A Donkey (Hamaar) Adventure

Petra Travel Blog

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Three days ago I walked through the Siq at Petra, it is a long path that cuts through massive rock and ends at the Treasury (from Indiana Jones). It got more and more amazing as we walked through: the walls grew higher and since we went in the early morning, the path was quiet and still. When I first saw the treasury I tried to put my feelings into words, because Ali (a man I work with) told me to tell him exactly what I felt, but I couldn't do it. I didn't feel the awe that other people talk about. Maybe I have seen it too many times in pictures for that. The only think I can come up with is extremely curiosity. I went to the entrance and looked in, it opens into a large room, but by no means as large or ornate as Speilburg made it in Indiana. I looked at the bullet holes in the urn so high up, and I smiled that the bedouin shot there to try and find gold, sadly to no avail.

We moved on to the Great Temple and walked up its huge steps. My professor was in the middle of explaining something when Artie Joukowsky hollered from the top of the Temple. We climbed further up and I was able to meet Martha Joukowsky- the woman who has been excavating the Great Temple in Petra for the last 14 years. Artie was one of the nicest men I have ever met; he explained a lot about the temple to us. I asked for his card and he gave it to me so that I could email him about applying to Brown for grad school.

Eventually we left the Joukowskys, too soon for me, and were set free. I decided to climb to the Monastery with some people from my group. I was a little faster than them so I went ahead. On my way up I met a very nice Frenchman with his son who told me that the best way to get up was, "to walk slow, at the pace of a camel". With him I passed many Bedouin selling trinkets and jewelry- I told a few that I would buy things from them on the way down. After about 30 minutes I reached the Monastery. I barely glanced at it before proceeding to the "view point". It was beautiful! From a steep ledge the rock cascaded down into mountains and then faded into the desert beyond. A man who had set up shop nearby offered me tea and I sat down to look out and wait for my friends. When they came we used cards to buy jewelry from Mahmood who owned the tent. We couldn’t pass up the chance to purchase with plastic on top of a mountain.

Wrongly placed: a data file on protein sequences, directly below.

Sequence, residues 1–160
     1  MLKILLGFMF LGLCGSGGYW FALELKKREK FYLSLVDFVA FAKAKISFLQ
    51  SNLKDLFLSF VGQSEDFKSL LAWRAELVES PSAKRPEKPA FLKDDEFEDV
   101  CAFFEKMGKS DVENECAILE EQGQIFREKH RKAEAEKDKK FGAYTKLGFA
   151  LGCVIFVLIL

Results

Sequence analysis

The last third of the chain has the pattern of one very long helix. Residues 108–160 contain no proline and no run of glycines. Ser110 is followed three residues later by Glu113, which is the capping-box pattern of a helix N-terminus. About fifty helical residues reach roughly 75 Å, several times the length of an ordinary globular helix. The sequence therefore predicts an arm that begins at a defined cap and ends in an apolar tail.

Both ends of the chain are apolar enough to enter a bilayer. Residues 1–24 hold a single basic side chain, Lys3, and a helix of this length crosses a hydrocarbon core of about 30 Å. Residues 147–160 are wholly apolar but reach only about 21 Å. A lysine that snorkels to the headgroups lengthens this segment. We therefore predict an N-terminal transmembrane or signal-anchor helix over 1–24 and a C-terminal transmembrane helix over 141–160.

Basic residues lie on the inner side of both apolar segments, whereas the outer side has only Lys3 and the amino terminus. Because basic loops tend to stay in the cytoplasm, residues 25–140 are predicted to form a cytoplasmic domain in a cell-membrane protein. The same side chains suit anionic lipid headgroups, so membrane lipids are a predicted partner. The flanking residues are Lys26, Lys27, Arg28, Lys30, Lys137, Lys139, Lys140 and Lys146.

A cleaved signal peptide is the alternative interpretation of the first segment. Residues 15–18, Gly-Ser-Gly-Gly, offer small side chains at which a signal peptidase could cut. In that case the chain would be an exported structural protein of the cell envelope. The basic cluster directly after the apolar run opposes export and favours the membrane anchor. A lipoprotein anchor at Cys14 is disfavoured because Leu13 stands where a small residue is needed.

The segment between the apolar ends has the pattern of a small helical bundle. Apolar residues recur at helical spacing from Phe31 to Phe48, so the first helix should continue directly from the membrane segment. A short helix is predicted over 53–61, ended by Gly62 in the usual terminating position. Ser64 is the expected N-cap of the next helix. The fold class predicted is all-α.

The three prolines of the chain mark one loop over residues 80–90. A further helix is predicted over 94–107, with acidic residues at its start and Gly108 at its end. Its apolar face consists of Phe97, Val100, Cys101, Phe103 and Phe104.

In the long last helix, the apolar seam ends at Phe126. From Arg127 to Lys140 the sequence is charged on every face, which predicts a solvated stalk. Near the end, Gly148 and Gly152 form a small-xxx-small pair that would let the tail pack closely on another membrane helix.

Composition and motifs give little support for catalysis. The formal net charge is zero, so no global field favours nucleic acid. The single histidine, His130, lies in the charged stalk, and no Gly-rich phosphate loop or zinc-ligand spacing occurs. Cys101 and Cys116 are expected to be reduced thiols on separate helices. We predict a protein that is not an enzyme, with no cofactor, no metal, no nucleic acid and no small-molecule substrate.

On the way down I stopped to buy necklaces from the Bedouin. One girl about my age gave me a bracelet that I am wearing now "because you are honest and you come back". I ended up paying way to much for a necklace from her, but I didn't mind because she was so nice. When I was buying another necklace from an older woman, all her kids came out of the woodwork and wanted to play with me and touch my hair. She wanted us to drink tea, but before I could say anything my friends said no and started walking away. I smiled at her as I walked down the hill. Another girl loved the little hoop earings that I wear in my second holes, so I traded them to her for a blue necklace. I didnt like the necklace at first but I love it now.

When we were almost to the end, a little girl leaped out of a cave behind us and asked for a lighter. We helped her build a fire, but before we could really get it going a man named Talal came down the hill on his donkey and helped us out. We all drank tea and Talal gave me a free donkey ride the rest of the way. At the end of the ride Talal offered to take us (Me, Adam, and Michelle) to the High Place of Sacrafice and behind the touristy places to a canyon with a spring. We agreed to meet at 8 the next morning to go on a Donkey Adventure. He also told me about a book that a western woman wrote- it's about her marriage to a Bedouin man- I picked it up before we left from an amazing man named Attulla. We got to talking and he invited us up for tea. He is probably the most majestic person I have ever seen- with his multi-coloured kufia wrapped haphazardly around his head, his white shirt and dark skin, and the way he sat- looking out on the valley as if he owned it and the way he was completely comfortable even in the uncomfortable white plastic chairs we were sitting in.